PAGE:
Medical simulation has proliferated throughout the continuum of healthcare. Historically, simulation has provided students the opportunity to practice largely psychomotor skills in a safe, economical way. As simulation technology advances, training requirements are increasingly focused on developing the cognitive skills that separate novice clinician from their more experienced counterparts and enable a complete understanding of the patient’s experience. While efforts to develop simulation-based training for these “softer” skills such as critical thinking, problem-solving, and error anticipation are underway, there is little empirical evidence to support the effectiveness of these trainers. One barrier to assessing training effectiveness is a lack of established metrics, of these, and other skills that are crucial to ensuring successful patient outcomes. One of the contributors to the problem is a general failure in establishing a consensus as to what are the variables and determinates of effective simulation experiences.
While individual studies have contributed to the evaluation and measurement inventory of potential schemas to provide sufficient data to evaluate the use of simulation as an experiential learning tool, clinical performance correlation and movement of the novice through the levels of proficiency, competency and mastery of procedural skills has not been fully documented. While there is limited research on accelerating maturity and proficiency through the use of simulation, there is lacking a general description of the variables and determinates of increased medical simulation performance, increased decision-making ability, retention, and consensus definitions of proficiency, competency and mastery. Currently, metrics of performance that best determine positive patient outcomes with minimum adverse events, methodologies to provide objective observation of those metrics, and the application of valid measurement schemas to those observations, are absent.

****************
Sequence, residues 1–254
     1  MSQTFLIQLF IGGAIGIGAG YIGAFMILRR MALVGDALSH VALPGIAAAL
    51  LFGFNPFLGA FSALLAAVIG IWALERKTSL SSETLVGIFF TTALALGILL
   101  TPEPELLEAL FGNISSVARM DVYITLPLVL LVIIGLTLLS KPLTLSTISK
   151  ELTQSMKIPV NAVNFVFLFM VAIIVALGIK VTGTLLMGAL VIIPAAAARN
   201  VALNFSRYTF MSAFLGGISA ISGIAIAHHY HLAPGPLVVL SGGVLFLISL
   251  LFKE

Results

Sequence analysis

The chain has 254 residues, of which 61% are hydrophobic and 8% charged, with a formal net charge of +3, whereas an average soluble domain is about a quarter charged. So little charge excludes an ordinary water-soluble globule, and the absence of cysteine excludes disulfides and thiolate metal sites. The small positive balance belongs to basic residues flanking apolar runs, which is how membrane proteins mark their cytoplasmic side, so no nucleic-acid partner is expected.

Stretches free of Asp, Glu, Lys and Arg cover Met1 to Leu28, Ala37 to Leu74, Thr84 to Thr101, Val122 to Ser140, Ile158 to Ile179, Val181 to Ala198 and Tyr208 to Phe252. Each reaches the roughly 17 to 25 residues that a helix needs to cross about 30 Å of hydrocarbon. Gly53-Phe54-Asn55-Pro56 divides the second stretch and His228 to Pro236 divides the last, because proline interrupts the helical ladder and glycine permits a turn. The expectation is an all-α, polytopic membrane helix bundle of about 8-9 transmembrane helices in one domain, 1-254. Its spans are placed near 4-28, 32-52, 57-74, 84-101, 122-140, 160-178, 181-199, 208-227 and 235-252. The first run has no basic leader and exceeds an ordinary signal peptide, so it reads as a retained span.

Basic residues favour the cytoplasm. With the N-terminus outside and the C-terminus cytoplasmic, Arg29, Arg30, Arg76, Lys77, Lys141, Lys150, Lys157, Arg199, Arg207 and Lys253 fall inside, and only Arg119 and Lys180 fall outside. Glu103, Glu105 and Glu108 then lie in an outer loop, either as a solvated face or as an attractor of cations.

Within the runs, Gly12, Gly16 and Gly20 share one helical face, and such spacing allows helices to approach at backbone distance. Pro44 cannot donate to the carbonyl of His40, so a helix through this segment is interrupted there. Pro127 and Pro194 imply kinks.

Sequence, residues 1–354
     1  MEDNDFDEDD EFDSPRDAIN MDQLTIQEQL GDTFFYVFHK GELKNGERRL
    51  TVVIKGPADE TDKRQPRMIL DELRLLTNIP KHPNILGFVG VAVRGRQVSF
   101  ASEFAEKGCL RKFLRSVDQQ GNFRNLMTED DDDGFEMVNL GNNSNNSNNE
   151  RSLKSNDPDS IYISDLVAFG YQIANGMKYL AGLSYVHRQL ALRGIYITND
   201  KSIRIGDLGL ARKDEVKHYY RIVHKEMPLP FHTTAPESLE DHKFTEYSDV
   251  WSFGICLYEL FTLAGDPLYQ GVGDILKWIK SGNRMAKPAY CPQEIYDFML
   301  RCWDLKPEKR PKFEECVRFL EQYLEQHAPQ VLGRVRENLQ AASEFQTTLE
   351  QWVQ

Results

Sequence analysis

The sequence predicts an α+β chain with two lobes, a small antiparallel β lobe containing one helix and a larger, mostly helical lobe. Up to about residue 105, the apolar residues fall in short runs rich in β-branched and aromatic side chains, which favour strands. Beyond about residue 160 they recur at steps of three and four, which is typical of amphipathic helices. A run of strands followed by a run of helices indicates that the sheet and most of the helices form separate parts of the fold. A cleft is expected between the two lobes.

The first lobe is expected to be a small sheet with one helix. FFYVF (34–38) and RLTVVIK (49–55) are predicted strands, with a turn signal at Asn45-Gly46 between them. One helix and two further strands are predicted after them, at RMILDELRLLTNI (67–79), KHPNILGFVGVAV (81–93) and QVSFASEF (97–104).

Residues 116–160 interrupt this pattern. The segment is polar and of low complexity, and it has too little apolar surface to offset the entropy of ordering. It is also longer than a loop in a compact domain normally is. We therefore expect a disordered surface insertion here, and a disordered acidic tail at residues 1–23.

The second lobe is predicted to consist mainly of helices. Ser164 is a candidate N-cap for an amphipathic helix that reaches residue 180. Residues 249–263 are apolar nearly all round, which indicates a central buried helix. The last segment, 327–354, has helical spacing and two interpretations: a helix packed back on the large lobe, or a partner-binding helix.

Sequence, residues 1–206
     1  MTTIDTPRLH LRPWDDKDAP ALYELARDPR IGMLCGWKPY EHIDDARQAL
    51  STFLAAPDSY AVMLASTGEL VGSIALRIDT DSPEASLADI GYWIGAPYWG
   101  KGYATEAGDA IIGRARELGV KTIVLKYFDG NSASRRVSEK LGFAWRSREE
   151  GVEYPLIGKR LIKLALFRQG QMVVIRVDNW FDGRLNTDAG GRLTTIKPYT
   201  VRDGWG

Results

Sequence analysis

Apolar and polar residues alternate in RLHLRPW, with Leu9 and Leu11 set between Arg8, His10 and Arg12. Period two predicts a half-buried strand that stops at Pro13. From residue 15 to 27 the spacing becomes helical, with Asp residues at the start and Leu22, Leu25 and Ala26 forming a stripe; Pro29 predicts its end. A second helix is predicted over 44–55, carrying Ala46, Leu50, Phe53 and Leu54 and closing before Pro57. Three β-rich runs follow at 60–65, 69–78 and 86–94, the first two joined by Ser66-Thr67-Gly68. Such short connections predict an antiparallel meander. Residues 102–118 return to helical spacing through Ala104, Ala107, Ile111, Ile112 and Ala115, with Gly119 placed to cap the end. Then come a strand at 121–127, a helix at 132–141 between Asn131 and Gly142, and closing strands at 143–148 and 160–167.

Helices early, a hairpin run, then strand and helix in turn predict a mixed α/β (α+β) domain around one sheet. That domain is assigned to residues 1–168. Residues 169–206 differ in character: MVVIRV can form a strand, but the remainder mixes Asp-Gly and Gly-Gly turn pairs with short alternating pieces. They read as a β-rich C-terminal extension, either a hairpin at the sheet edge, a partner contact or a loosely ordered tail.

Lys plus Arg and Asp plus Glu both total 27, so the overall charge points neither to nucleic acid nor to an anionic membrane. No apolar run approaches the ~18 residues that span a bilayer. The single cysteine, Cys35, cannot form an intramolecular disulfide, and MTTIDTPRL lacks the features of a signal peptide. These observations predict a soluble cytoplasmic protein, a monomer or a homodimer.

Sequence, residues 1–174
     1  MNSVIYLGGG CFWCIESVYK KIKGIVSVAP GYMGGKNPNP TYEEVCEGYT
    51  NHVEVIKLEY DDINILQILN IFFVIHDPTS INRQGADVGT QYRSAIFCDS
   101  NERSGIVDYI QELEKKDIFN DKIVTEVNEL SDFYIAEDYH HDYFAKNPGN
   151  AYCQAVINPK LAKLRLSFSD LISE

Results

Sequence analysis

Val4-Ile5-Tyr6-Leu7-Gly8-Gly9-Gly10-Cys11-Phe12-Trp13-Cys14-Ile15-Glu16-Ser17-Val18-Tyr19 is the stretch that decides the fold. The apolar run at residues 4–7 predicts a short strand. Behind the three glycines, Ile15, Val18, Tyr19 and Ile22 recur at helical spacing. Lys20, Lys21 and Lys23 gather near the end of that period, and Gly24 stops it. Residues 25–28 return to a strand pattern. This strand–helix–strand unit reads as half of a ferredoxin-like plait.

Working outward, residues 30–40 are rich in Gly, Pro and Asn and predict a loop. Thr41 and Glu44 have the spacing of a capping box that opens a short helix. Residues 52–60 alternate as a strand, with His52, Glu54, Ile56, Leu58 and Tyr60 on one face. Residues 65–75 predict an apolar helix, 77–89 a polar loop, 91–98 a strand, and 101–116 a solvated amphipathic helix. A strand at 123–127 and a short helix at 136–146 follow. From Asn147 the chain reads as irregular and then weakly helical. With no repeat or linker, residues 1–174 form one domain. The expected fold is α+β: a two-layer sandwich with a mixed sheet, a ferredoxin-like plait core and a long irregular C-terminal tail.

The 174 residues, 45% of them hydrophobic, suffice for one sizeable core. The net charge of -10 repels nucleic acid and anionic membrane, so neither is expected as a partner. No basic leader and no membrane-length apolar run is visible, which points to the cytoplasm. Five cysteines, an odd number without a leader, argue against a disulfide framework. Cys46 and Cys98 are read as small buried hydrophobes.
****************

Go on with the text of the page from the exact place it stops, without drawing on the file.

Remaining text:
IVIR has focused on the establishment of such metrics and methodologies, and correlation to clinical outcomes over time, as well as levels of proficiency, competency and mastery of clinical skills to potentially accelerate maturity and experience. The development of these metrics serve an immediate purpose of facilitating the assessment of simulator effectiveness, however, standardizing measures of cognitive skills across training instances provides a number of additional benefits. Performance data could be used to predict an individual student’s success from one course to the next. Persistent student models based on these metrics could provide the basis for adaptive or personalized learning experiences. Instructors could use the data for self-assessment purposes and resource managers could leverage the information to determine the appropriate number of training hours and modalities required to master a particular skill.